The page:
President Muhammadu Buhari recently renewed the appointment of Godwin Emefiele for a second five-year term as the Governor of the Central Bank of Nigeria (CBN), in line with the provisions of Section 81(2) of the Central Bank of Nigeria’s Act 2007. With the confirmation of his appointment by the Senate, Emefiele has made history as the first CBN Governor to be reappointed since the inception of the present democratic dispensation in 1999.
Undoubtedly, the retention of Emefiele as the CBN boss is an acknowledgement of his good performance in the last five years and the need to ensure continuity and stability of the current monetary policy.
His first tenure will expire on June 2, 2019. As he begins his second five-year term in office on June 3, 2019, Nigerians, including financial market watchers, expect him to focus on policies that will drive sustained growth across various sectors of the economy. Therefore, in the next five years, Emefiele must leverage on his past experience on the job and decades of sterling performance as an accomplished banker. He should sustain the achievements recorded in the apex bank in the last five years and improve on them. There is need to put in place vibrant macroeconomic policies that will stimulate the economy to grow. And there are many of them that we think should be his priority in his second term.
He should ensure adequate control of money supply, management of the interest rates, inflation, foreign exchange (FX) and external reserves. None of these should be left to be determined by the market forces alone. He should use his second term to achieve the much-anticipated convergence of the foreign exchange market. This will significantly stimulate Foreign Direct Investment (FDI). Having different FX windows, as it is the case now, sends wrong signals to investors who are eyeing Nigeria’s market.
Beyond this, the CBN should be more flexible in allowing Deposit Money Banks trade our national currency, the naira, to lessen the pressure on Forex. This, according to analysts, will give the naira more liquidity. To ensure more credits to the private sector, the CBN should review the current Cash Reserve Ratio (CRR) regime. Also, the CBN’s development fund should be adequately coordinated through the commercial banks to achieve real growth and transparency. The apex bank must ensure that payment service banks meet the needs of millions of unbanked Nigerians.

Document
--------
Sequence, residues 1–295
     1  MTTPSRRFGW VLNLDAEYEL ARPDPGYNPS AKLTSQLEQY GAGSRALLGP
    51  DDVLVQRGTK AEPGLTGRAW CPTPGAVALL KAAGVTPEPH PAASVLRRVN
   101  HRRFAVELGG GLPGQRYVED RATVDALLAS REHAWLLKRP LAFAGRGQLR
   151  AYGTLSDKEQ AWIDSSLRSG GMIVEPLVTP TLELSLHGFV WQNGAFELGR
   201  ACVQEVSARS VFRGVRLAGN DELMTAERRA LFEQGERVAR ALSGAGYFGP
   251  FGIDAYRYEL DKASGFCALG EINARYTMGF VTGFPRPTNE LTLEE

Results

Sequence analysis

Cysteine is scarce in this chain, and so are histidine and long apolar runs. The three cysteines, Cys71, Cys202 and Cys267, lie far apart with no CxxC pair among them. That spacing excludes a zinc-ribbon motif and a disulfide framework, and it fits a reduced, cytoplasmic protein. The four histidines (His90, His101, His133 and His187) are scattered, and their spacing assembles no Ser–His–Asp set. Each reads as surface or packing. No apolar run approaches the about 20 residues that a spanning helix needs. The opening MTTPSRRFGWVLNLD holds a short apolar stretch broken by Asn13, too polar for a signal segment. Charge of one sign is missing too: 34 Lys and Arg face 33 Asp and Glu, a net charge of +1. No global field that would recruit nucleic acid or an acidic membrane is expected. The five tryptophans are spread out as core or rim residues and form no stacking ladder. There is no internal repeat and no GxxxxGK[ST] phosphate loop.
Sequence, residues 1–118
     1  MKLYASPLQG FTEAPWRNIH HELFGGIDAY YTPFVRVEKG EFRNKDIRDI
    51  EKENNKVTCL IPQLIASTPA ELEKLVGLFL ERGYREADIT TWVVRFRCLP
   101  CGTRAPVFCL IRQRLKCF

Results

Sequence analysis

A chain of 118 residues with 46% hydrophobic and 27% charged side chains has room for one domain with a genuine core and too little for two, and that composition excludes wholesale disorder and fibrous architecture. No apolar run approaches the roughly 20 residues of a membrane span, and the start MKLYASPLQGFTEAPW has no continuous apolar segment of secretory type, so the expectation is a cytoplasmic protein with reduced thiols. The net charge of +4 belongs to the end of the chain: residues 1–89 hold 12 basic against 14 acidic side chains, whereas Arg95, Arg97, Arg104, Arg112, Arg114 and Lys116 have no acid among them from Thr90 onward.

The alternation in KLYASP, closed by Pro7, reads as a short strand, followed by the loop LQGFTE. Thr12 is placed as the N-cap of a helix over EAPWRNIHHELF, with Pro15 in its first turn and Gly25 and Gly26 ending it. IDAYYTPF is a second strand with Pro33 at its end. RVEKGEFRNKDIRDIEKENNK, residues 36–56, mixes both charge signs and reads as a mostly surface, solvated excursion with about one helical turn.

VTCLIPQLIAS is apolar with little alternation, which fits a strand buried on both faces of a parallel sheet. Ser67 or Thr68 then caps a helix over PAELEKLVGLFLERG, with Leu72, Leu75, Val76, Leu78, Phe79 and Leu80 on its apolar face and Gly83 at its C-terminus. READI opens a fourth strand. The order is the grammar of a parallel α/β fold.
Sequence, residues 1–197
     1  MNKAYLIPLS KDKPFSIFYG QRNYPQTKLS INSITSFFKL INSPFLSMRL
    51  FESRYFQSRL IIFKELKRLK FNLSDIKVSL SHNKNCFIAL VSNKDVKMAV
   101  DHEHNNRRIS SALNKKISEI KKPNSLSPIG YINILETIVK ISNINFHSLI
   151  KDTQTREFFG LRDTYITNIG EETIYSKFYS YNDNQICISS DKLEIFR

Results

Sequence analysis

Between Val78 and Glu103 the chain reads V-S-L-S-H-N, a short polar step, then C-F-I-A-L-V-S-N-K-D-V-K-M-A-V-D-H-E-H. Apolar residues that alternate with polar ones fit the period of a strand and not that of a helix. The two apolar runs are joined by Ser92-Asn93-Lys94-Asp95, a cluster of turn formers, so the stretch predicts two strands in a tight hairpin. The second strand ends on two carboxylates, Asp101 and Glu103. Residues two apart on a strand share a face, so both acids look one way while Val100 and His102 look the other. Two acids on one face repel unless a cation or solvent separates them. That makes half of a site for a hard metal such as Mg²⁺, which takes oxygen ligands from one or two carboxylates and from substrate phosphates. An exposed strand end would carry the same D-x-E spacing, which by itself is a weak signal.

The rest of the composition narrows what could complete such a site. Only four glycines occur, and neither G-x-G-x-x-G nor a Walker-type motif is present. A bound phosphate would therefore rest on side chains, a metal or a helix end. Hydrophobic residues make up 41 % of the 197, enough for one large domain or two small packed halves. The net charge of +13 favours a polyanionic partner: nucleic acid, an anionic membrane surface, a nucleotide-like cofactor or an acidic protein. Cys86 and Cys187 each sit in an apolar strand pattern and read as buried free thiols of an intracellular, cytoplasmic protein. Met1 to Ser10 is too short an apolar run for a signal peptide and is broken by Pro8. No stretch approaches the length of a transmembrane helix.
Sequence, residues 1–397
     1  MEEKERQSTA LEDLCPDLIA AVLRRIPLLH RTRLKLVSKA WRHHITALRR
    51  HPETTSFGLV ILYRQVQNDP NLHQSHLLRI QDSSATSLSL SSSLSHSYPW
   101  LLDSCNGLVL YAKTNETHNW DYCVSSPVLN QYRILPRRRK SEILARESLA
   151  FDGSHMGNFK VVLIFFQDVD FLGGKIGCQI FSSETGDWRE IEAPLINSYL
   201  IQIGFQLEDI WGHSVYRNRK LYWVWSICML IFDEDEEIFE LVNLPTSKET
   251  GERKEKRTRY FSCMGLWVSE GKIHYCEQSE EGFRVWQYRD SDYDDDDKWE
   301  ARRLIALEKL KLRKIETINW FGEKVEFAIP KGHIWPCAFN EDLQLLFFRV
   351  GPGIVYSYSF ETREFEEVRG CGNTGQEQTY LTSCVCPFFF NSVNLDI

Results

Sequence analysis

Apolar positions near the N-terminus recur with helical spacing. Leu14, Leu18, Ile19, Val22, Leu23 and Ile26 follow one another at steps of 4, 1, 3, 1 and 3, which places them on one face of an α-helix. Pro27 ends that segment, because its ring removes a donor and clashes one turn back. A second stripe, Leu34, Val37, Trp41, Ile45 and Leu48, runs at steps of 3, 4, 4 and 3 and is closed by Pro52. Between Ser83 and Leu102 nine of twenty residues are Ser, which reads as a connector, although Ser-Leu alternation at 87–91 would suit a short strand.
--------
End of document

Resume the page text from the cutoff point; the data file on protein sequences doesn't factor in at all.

There is no doubt that the CBN under Emefiele has developed interventionist policies in various sectors of the economy. We can recall the Anchor Borrowers Programme in agriculture and intervention in the power sector and others.
In the years ahead, we expect more interventions that will help stimulate the economy. We agree with the CBN’s recent assertion that Nigeria had wasted much growth opportunities in the past by abandoning agriculture and manufacturing sectors and relied heavily on crude oil for revenues. The viable option now is to return to these sectors, including palm produce and other cash crops, which the apex bank is currently funding at single digit interest rates. For sustainable development in the economy, the banks should give loans at low interest rates to the productive sectors.
The road ahead is still tough, with the fundamentals of the economy getting weaker and the inflation rate rose to 11.37 per cent in April, from 11.25 per cent in March. We urge the CBN to improve growth and shore up the value of the naira, reduce inflation, imports and deal decisively with those who circumvent government’s economic policies. The globalised economy requires the apex bank to evolve monetary policies capable of withstanding local and external shocks. We advise Emefiele and his team to make appropriate policies that will put the economy in good stead.
While wishing Emefiele a successful tenure in office, we urge him to use his reappointment to steer the economy through sound macroeconomic policies that will spur growth. He should lead by example in the management of the CBN.